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BLOSSOM-END ROT OF TOMATO

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					                                                                          Dr. Sharon M. Douglas
                                                       Department of Plant Pathology and Ecology
                                                  The Connecticut Agricultural Experiment Station
                                                           123 Huntington Street, P. O. Box 1106
                                                                           New Haven, CT 06504

                                                                           Phone: (203) 974-8601
                                                                            Fax: (203) 974-8502
  Founded in 1875                                                  Email: Sharon.Douglas@ct.gov
  Putting science to work for society                                    Website: www.ct.gov/caes


                      BLOSSOM-END ROT OF TOMATO

Blossom-end rot of tomato, also called black           affected areas gradually changes from a
rot and dry rot, occurs worldwide wherever             bleached yellow to a characteristic dark
tomatoes are grown. This disease can result            brown or black.
in direct losses in quality and yield on field-
and greenhouse-grown plants. In some
years, crop losses as high as 50% have been
reported. Most cultivars of tomato can be
affected by this disease, although differences
in susceptibility have been reported. While
blossom-end rot is primarily a disease of
tomato, it can also occur on eggplant and
pepper, although it is not as common.

SYMPTOMS:
Blossom-end rot is characterized by large
brown to black, dry, leathery areas on the
blossom end of tomato fruit.           Initial
symptoms appear as small, water-soaked
areas that resemble bruises on the blossom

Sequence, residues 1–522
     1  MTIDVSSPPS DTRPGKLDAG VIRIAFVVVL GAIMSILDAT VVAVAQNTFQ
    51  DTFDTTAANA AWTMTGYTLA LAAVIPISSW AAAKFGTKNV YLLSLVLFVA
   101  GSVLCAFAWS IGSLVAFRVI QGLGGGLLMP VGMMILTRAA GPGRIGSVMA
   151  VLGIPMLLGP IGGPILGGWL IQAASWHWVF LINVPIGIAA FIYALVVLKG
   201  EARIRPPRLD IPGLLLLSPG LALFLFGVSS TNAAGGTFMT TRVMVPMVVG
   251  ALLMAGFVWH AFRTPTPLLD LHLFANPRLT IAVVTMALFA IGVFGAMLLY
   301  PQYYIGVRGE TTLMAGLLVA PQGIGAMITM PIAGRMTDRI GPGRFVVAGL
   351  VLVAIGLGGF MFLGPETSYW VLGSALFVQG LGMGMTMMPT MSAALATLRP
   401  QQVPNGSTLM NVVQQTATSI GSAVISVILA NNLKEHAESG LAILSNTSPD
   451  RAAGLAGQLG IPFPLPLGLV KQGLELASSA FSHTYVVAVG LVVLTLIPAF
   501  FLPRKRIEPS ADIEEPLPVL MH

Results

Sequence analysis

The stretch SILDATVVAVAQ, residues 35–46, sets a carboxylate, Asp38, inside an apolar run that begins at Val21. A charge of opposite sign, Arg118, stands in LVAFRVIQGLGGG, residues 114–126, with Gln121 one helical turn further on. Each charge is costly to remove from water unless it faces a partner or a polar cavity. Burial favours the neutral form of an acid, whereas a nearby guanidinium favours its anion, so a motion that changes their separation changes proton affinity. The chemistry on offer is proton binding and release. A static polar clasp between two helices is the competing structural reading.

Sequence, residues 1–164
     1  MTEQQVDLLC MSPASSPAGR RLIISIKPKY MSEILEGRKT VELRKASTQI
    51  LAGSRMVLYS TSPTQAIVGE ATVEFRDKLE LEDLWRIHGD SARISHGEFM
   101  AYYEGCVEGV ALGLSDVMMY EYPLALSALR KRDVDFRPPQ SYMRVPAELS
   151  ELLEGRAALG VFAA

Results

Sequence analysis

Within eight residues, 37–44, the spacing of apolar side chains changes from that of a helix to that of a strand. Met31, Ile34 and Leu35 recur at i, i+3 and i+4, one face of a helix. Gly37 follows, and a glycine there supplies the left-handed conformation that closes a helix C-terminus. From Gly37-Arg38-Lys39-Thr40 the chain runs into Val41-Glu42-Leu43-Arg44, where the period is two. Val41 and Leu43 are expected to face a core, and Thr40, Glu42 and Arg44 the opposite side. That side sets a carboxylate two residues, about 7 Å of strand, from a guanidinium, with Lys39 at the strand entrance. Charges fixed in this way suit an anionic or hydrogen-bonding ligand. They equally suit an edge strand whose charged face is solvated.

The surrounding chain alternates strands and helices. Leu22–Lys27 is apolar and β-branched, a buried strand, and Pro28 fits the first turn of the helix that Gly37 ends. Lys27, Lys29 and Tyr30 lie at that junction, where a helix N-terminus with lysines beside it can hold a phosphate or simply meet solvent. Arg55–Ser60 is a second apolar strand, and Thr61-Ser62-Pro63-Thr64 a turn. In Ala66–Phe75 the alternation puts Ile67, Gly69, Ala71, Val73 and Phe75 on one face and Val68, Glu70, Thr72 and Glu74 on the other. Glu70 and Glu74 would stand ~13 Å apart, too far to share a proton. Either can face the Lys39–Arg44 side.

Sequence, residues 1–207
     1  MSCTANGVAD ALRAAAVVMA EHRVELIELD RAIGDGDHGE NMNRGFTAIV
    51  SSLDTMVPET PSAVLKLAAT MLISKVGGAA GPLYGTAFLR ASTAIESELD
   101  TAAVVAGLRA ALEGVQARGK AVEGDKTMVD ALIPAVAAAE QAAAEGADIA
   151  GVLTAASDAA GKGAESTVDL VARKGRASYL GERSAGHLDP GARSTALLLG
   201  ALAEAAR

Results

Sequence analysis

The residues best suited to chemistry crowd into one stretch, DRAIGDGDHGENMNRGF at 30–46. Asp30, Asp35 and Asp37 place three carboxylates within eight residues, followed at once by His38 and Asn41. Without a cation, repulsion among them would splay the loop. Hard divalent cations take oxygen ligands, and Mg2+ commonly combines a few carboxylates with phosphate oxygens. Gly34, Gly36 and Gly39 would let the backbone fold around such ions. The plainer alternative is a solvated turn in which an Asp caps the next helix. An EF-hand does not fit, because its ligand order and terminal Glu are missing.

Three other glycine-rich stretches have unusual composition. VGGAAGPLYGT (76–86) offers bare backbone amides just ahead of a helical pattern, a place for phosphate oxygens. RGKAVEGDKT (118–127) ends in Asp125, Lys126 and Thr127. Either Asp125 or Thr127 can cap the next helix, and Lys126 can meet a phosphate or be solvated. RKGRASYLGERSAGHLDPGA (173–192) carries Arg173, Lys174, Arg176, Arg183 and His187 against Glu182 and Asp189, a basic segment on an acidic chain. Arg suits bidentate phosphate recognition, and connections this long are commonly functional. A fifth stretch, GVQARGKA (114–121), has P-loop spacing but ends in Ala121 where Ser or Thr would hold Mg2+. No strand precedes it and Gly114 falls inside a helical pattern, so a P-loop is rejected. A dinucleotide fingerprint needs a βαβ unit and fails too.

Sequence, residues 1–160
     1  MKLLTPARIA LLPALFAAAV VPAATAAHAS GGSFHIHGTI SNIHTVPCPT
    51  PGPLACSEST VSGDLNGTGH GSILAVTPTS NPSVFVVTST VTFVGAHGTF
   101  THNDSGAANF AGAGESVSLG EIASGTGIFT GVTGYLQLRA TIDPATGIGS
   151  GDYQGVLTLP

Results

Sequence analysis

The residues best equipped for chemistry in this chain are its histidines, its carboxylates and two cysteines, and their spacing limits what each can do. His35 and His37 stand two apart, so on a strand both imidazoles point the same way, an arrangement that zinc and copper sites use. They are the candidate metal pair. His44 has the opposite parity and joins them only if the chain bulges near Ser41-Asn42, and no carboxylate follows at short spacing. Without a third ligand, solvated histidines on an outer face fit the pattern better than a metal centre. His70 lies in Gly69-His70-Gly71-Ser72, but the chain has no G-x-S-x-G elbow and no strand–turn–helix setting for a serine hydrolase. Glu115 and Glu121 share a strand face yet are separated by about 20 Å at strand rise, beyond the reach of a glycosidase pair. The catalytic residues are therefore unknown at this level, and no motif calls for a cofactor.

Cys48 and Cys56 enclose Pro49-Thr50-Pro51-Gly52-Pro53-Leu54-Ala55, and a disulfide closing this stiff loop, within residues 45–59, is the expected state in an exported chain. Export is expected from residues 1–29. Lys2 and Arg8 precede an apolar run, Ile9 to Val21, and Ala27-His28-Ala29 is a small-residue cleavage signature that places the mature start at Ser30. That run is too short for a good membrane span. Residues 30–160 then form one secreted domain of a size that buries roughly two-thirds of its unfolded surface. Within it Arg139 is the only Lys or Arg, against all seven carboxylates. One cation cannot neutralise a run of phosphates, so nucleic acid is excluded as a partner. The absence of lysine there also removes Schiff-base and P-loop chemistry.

Figure 1. Initial symptoms of water-soaking
end of immature or green fruit (Figure 1).
                                                       on blossom end of tomato fruit.
These spots can enlarge and coalesce until
the affected areas involve up to half of the
                                                       Fruit affected by blossom-end rot often ripen
surface of the fruit. Symptoms are usually
                                                       more rapidly than normal, healthy fruit
not visible on the stem end of the fruit
                                                       (Figure 6). Plum- or pear-shaped tomato
(Figures 2 and 3). Development of blossom-
                                                       cultivars have been found to be most
end rot can also cause distortion of the fruit
                                                       susceptible (Figure 7).
(Figure 4).
                                                       Although symptoms can be found on fruit
Affected tissues eventually dry, shrink, and
                                                       from any part of the plant, all of the fruit on
become leathery. This is often manifest as a
                                                       an individual plant are usually not affected
gradual progression of symptoms over time
                                                       for the entire season. Symptoms often
(Figure 5). During this time, the color of
                                                       appear on fruit that are set at approximately
the same time. This is common on the first                 occasionally occur at the side of the fruit.
crop of fruit, which were formed when soil                 Internal blossom-end rot appears as internal
and air temperatures were cool early in the                black lesions, which are not visible from the
season.                                                    exterior of the fruit.




                                                           Figure 4. Affected fruit are often distorted.


Figure 2. Symptoms of blossom-end rot are
not evident on stem end of the fruit.


                                                           Figure 5. Gradual progression of symptoms
                                                           on affected fruit.




Figure 3. Blossom end of fruit in Figure 2
with symptoms.

Blossom-end rot, as the name implies,
usually occurs at the blossom end of the fruit             Figure 6. Fruit with blossom-end rot often
(the end away from the stem) but it can                    ripen prematurely.

Blossom-End Rot S. M. Douglas                                                                       2
The Connecticut Agricultural Experiment Station (www.ct.gov/caes )
It is also not uncommon to find that the                   development of a shallow root system such
affected areas of these fruit are invaded by               as frequent, shallow watering. Moisture can
secondary fungi and bacteria that cause soft               also be a problem in plantings on light,
rot and fruit decay.                                       sandy soil with fluctuating moisture levels
                                                           and on plantings in heavy soils with high